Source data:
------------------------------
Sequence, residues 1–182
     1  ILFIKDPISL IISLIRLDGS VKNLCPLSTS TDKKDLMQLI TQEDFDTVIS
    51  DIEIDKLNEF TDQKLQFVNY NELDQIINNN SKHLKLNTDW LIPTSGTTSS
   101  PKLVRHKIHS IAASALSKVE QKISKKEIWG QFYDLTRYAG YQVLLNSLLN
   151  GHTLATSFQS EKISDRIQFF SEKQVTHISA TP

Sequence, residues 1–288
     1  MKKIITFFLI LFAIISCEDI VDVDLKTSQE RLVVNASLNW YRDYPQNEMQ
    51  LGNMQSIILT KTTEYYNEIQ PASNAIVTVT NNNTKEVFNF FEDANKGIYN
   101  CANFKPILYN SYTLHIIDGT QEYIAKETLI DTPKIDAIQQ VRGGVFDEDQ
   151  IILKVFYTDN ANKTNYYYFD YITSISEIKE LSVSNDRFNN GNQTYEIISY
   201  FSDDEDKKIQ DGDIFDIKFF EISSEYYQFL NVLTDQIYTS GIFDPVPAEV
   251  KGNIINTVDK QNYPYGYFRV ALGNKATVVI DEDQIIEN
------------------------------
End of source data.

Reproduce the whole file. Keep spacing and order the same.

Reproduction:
Sequence, residues 1–182
     1  ILFIKDPISL IISLIRLDGS VKNLCPLSTS TDKKDLMQLI TQEDFDTVIS
    51  DIEIDKLNEF TDQKLQFVNY NELDQIINNN SKHLKLNTDW LIPTSGTTSS
   101  PKLVRHKIHS IAASALSKVE QKISKKEIWG QFYDLTRYAG YQVLLNSLLN
   151  GHTLATSFQS EKISDRIQFF SEKQVTHISA TP

Sequence, residues 1–288
     1  MKKIITFFLI LFAIISCEDI VDVDLKTSQE RLVVNASLNW YRDYPQNEMQ
    51  LGNMQSIILT KTTEYYNEIQ PASNAIVTVT NNNTKEVFNF FEDANKGIYN
   101  CANFKPILYN SYTLHIIDGT QEYIAKETLI DTPKIDAIQQ VRGGVFDEDQ
   151  IILKVFYTDN ANKTNYYYFD YITSISEIKE LSVSNDRFNN GNQTYEIISY
   201  FSDDEDKKIQ DGDIFDIKFF EISSEYYQFL NVLTDQIYTS GIFDPVPAEV
   251  KGNIINTVDK QNYPYGYFRV ALGNKATVVI DEDQIIEN